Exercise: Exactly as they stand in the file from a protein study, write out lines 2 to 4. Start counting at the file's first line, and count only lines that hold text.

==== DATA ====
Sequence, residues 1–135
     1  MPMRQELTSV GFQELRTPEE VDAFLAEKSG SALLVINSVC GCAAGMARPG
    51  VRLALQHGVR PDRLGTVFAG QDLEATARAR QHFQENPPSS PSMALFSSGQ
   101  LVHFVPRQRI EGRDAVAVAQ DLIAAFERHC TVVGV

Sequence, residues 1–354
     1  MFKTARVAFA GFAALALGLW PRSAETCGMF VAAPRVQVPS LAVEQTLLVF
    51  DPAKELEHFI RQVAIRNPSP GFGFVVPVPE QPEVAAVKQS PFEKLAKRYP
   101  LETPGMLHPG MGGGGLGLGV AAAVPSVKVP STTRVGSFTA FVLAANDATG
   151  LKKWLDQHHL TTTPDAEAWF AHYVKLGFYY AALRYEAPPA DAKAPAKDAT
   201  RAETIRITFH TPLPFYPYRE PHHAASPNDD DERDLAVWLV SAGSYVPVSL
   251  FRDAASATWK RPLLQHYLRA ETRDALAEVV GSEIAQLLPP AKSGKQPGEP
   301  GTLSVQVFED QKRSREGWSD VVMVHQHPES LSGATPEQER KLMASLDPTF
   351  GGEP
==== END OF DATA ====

     1  MPMRQELTSV GFQELRTPEE VDAFLAEKSG SALLVINSVC GCAAGMARPG
    51  VRLALQHGVR PDRLGTVFAG QDLEATARAR QHFQENPPSS PSMALFSSGQ
   101  LVHFVPRQRI EGRDAVAVAQ DLIAAFERHC TVVGV